Review: Berghaus GR20 Stormjacket, tried, tested and found true!

I’ve been patiently/not so patiently been waiting for the moment that I could share this review with you. I have had the GR20 Stromjacket a number of months now, and for the first and most intensive time I used it, we have to go back a few to October last year, when we joined Berghaus for a Weekend Alpine Adventure. Together with Berghaus guide Pierre deWit we went to Chamonix where we met four Belgian prize winners of a competition Berghaus had run during the Belgian Banff Film Festival. 

Berghaus had commissioned us to make a film of this mountain adventure, and at the same time, it proved to be an excellent opportunity to test the GR-20. After our really, really good experience with the Hyper 100 jacket, I was looking forward to seeing what the GR20 Stormjacket was all about. Besides myself, Pierre and the two male prize-winners all wore the GR20 jacket.

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The Promise:

Shoulder vent open

The promise of the jacket was/is fairly simple. Three layers, lightweight, Highly breathable, completely wind and waterproof. The cool thing I thought that it tries to accomplish that in a combination of high-tech and low-tech yet still really effective measures. The High-tech is in the application of the Gore-Tex active membrane and a hyper breathable face fabric by Berghaus.

Detail of the vent construction. Notice the inner fold over that prevents water from creeping in.

The “low-tech” is in a patented system of simple vents in the jacket. Along the front and back of the jacket, Berghaus has left the fabric completely open, ensure heat can escape unrestrictedly. And to make sure that water doesn’t come in through these vents, they came with a fairly simple solution and that was to fold over the edge of the vent. Simple, elegant and really effective I would notice. The jacket is 279 grams in a size Large, so really lightweight as well. It is a jacket specifically designed for men.

Conditions & review

Belgian Prize winner Fred

So that was the cool part of our Weekend Alpine Adventure: the first day on the Mer de Glace near Chamonix we had amazingly dreadful weather. It was about 5 degrees Celsius, and the day began really cloudy. As we went up the alongside the Glacier it began to rain and the rain came down with strong winds for at least 3 hours at end. During this time the team scrambled along the rocks and boulders and in the end, did a Via Ferrata ascent of about 250 meters. As I found myself standing on the sheer vertical wall, wind and rain driving at us, holding on with chilled hands I took a moment to notice how completely dry my upper body was in contrast to my hands and legs. Only my feet in really good mountaineering boots were also dry.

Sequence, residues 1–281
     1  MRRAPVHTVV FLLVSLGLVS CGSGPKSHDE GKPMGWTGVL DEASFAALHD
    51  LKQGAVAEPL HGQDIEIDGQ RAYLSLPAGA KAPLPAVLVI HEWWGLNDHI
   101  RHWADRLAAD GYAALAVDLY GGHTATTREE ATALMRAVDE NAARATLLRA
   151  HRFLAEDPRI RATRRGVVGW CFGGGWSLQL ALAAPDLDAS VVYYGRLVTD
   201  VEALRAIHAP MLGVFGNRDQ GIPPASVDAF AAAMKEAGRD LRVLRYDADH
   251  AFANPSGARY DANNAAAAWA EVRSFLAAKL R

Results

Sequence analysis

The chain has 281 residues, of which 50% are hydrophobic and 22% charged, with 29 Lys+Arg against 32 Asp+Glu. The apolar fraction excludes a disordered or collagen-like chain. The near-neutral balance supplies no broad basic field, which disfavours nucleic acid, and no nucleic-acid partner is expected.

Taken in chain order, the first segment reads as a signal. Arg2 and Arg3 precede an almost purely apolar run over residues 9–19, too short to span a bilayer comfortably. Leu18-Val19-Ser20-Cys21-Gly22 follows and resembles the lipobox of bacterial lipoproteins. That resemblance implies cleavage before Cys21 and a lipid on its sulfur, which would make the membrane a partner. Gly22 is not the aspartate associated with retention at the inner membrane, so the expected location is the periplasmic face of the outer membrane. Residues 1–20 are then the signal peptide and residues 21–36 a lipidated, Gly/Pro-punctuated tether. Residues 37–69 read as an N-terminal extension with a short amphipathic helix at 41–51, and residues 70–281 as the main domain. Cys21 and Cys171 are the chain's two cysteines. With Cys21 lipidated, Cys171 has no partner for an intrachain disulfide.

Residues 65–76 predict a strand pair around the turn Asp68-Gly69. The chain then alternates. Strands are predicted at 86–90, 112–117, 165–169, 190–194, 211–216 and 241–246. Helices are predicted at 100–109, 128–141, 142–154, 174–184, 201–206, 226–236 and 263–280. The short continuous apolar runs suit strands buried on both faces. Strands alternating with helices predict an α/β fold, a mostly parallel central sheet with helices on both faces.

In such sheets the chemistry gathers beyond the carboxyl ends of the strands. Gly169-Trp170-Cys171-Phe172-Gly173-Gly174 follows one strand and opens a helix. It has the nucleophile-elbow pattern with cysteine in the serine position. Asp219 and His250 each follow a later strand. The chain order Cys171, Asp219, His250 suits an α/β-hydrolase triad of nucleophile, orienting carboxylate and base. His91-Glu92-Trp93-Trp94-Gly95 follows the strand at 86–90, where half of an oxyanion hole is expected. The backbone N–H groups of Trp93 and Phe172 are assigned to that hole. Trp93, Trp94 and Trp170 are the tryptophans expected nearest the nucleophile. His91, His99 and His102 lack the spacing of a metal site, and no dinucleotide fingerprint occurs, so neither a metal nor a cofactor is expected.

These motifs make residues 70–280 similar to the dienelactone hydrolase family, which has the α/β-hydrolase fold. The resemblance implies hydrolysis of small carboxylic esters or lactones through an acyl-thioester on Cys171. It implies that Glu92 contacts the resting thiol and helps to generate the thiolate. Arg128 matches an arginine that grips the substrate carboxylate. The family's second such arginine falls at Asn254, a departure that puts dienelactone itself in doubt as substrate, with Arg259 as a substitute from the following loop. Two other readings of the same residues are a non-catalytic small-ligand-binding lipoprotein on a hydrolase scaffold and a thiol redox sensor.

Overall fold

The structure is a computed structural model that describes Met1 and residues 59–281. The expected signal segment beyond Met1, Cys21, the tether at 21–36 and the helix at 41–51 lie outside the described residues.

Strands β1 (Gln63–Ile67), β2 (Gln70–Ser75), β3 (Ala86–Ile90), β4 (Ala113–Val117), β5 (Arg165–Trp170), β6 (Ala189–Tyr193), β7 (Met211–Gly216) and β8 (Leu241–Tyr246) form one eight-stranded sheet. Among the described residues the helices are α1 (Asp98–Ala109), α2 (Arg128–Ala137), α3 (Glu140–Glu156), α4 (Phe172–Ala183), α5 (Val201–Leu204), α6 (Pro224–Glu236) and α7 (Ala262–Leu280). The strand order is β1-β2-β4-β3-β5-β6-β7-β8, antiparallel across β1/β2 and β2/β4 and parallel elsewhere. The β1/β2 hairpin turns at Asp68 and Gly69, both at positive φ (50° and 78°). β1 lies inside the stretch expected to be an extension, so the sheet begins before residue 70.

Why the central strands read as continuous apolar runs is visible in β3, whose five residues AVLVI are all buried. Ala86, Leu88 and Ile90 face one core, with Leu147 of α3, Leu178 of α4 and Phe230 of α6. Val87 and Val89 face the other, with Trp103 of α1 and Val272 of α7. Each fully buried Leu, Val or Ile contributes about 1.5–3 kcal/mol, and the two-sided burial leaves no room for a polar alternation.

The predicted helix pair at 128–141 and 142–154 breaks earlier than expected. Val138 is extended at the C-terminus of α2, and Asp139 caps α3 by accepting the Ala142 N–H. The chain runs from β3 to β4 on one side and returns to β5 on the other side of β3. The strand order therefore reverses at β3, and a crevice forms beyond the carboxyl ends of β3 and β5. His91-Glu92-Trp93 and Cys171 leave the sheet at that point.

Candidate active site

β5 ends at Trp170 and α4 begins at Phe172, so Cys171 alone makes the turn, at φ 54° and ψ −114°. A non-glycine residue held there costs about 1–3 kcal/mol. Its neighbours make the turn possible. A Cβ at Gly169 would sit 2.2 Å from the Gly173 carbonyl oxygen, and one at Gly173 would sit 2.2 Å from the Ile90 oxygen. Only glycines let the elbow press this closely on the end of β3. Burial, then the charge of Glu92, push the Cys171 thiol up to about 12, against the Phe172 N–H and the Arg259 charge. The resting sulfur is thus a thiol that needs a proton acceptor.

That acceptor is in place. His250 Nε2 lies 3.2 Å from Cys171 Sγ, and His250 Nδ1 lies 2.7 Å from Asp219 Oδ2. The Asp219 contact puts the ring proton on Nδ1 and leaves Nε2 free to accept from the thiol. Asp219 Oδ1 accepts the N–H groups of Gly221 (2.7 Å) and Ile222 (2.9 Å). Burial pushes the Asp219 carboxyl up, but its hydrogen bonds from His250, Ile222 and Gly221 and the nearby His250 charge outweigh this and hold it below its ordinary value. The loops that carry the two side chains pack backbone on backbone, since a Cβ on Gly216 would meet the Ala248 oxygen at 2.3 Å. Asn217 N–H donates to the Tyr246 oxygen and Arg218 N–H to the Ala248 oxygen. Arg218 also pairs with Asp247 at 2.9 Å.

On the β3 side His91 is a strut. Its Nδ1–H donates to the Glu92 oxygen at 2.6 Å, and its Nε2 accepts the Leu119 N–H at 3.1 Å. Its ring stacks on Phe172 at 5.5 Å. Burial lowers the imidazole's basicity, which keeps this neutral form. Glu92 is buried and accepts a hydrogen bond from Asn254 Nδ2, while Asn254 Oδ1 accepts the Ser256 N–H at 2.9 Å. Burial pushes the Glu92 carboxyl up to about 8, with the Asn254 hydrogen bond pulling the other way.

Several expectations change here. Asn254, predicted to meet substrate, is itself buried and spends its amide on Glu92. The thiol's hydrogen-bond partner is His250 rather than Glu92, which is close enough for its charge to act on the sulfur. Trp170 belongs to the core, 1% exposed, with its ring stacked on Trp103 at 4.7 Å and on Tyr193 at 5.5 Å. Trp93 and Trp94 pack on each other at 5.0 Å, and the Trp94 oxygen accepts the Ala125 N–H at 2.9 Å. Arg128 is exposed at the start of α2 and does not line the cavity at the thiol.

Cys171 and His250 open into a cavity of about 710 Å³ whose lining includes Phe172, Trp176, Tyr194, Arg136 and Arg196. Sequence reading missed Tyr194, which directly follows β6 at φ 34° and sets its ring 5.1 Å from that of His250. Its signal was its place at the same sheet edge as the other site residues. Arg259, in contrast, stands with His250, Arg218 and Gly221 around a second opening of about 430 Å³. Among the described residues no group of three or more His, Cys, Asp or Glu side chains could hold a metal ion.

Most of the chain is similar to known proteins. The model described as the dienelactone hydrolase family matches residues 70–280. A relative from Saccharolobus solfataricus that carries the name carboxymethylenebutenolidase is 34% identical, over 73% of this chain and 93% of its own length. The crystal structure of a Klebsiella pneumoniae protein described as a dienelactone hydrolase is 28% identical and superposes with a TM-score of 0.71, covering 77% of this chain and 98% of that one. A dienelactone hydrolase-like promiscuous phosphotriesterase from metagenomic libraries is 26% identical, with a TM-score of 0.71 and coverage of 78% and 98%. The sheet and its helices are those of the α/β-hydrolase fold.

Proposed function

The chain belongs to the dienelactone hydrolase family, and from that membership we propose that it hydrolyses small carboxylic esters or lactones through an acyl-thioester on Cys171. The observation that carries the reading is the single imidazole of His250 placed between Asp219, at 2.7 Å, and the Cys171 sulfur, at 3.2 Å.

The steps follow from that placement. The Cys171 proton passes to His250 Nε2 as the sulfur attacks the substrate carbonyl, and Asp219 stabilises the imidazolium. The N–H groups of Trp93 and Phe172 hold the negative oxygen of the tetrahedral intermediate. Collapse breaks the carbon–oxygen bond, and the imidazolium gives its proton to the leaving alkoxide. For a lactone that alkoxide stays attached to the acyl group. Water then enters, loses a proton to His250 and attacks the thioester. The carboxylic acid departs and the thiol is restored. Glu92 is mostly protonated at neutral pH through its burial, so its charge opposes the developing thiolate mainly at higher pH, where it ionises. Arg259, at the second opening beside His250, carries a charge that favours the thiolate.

The second day brought us to the Italian Courmayeur side of the border where we took the gondola up to the Glacier du Geant. There the team attempted to summit the Aiguille de Toules, only to be blocked by a large crevasse in the glacier. At the beginning of the day we had low temperatures, primarily because of the strong winds, but also when the wind died down it was well below zero. Below the GR-20 I wore a heavy merino mid-layer and a merino baselayer, and this combination added to the fact that I was active many hours in a row, kept me well warm throughout.

Throughout these two days I was not only climbing but also filming the team, which means carrying equipment, covering a bit more distance, getting into uncomfortable positions in many cases, trying to keep the camera equipment dry, and filming during rappels and the Via Ferrata. So there was quite a bit of physical work and I was just delighted by the performance of the jacket. 

On that extremely wet first day it kept me completely dry from the outside, on the second cold day at altitude, I was kept warm, not bothered by transpiration or getting wet from the inside. Obviously, in both cases, it is critical to match your mid and baselayers to the shell and the three layers really complemented each other.


Feature-wise the jacket is very simple. It has two hip pockets, the hood which fits easily over a helmet can be adjusted from one point with one hand and what I particularly liked where the cuffs where the top of the cuff that falls over your hand is slightly longer than the bottom (wrist-side) of the cuff that fits snugly over your hand or gloves.


The grey on the jacket has a silver/metallic effect to it, which you have to like. I did. With the red contrasting areas on shoulders, hood and arms and the tight cut I think the jacket looks really well. The jacket can also be had in grey and blue.


Since the Alpine Weekend I have used the jacket while running, mountain biking and just in daily life and it continues to make me happy. It is just a very versatile, very protective piece of kit that I would always take with me when I am sure to be getting active in challenging weather circumstances. It’s just a really great piece of kit.

Berghaus GR20 Stormjacket

Ultralight hardshell

€ 399,-

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Review overzicht

Fit & Comfort
Bang for your buck
Mark Stokmans
Mark Stokmans
Since I can remember I have been very active in many different sports: started with baseball, tennis and riding later hockey, football, running and aikido. In addition, since twelve years old I've been into actionports: at first windsurfing, later climbing, inline skating, snowboarding, mountain biking. With the first action cams coming onto the market I've been making action sports videos. Furthermore, I've worked in the sports industry since 1990, sports marketing, media and live TV and until the end of 2016 at the Dutch Olympic Committee. Besides being partner in GearLimits I work as a digital freelancer. Based in the Netherlands, Married with Children (11 and 13 years old)

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